Objective: Evidence in other surgical subspecialties suggests patients traveling farther to undergo surgery have worse outcomes. We sought to determine the impact of travel distance and travel beyond closest center on outcomes after valve surgery. Methods: Patients who underwent valve surgery ±CABG with a Society of Thoracic Surgeons (STS) predicted risk and zip code were extracted from a statewide STS database (2011-016). Patients were stratified by those receiving care greater than or equal to 20 miles from the closest surgical center (Traveler) or at the closest center (Non-Traveler). Multivariate logistic regression assessed the effects of travel distance and traveler status on mortality and major morbidity adjusted for STS predicted risk, median income by zip code, and payer status. Results: Median travel distance for all patients (n = 4765) was 19 miles and after risk-adjustment increasing distance was associated with reduced operative mortality (odds ratio [OR], 0.94 [0.89-1.00], P =.049) with no impact on major morbidity. Travelers (445 patients, 9.3%) had lower median income, higher self-pay and reoperative status, but similar urgent/emergent status and STS risk as Non-Travelers. Travelers had lower operative mortality (1.6% vs 4.3%, P =.005) which remained statistically lower after risk-adjustment (OR, 0.32 [0.14-0.75], P =.009). This mortality difference was particularly pronounced in patients with postoperative complications (3.1% vs 7.9%, P =.005). Conclusions: Contrary to other surgical subspecialties, farther travel distance and bypassing the nearest surgical center were associated with lower rates of operative mortality and failure to rescue. Either referral patterns or financials reasons may result in Travelers ending up at high performing centers that prevent escalation of complications.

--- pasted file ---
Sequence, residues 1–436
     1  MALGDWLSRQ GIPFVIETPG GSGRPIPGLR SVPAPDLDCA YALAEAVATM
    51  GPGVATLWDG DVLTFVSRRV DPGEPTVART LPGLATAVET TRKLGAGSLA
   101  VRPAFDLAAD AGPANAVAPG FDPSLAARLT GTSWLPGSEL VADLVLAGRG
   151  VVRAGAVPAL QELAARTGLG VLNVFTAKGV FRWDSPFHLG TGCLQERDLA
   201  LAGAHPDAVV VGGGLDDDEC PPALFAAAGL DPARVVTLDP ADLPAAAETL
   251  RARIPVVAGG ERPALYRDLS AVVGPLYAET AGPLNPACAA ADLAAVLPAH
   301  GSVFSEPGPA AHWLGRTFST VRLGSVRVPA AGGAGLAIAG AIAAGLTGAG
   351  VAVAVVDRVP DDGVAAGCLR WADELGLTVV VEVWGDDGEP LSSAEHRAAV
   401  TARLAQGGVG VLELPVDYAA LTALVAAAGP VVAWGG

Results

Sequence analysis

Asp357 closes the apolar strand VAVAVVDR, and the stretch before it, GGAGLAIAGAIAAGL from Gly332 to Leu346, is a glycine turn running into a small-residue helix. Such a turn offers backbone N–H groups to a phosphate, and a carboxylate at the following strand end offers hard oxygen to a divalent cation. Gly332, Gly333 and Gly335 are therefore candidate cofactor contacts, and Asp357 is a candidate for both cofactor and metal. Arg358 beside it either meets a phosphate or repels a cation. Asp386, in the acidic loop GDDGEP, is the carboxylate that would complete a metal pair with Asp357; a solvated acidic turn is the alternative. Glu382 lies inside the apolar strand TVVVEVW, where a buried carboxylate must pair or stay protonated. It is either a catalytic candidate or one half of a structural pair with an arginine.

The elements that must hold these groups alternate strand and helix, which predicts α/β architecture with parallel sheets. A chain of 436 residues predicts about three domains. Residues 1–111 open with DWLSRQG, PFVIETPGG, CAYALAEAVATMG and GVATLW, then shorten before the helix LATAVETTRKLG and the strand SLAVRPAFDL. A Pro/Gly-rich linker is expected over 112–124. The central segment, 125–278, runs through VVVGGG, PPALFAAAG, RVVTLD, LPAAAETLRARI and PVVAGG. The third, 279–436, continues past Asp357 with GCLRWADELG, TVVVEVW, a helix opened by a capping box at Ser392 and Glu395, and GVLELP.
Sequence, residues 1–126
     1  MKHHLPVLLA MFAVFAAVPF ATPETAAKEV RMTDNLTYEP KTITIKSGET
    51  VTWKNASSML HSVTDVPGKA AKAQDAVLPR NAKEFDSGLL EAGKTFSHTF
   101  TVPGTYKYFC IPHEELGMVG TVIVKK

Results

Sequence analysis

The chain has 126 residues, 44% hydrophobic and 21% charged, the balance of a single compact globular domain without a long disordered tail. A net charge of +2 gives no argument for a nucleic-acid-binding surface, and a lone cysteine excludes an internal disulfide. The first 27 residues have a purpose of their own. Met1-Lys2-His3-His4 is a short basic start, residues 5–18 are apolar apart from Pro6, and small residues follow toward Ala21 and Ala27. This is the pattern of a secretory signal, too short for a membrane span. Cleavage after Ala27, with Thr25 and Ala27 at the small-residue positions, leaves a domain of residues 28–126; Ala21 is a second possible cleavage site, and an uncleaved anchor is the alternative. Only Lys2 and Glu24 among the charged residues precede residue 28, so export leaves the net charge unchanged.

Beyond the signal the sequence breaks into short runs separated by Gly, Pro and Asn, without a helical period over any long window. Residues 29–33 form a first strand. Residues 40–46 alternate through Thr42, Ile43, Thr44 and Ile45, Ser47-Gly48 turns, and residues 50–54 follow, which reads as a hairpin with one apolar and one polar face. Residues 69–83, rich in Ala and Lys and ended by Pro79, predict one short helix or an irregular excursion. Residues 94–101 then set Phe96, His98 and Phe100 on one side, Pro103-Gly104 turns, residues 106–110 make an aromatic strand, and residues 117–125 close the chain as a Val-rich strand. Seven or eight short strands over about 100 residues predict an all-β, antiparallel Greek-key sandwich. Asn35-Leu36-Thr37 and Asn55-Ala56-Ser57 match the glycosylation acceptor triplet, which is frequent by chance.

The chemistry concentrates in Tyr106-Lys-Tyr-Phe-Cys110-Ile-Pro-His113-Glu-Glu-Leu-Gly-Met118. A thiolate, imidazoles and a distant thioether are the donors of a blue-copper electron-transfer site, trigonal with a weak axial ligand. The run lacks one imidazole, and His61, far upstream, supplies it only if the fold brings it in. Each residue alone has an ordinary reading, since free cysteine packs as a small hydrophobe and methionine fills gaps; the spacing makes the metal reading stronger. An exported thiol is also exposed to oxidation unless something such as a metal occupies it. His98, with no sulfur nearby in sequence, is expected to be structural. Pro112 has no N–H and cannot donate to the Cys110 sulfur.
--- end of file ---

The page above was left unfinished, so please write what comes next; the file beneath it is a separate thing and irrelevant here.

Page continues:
- access to care
- cardiac surgery
- failure to rescue
- health disparities
ASJC Scopus subject areas
- Pulmonary and Respiratory Medicine
- Cardiology and Cardiovascular Medicine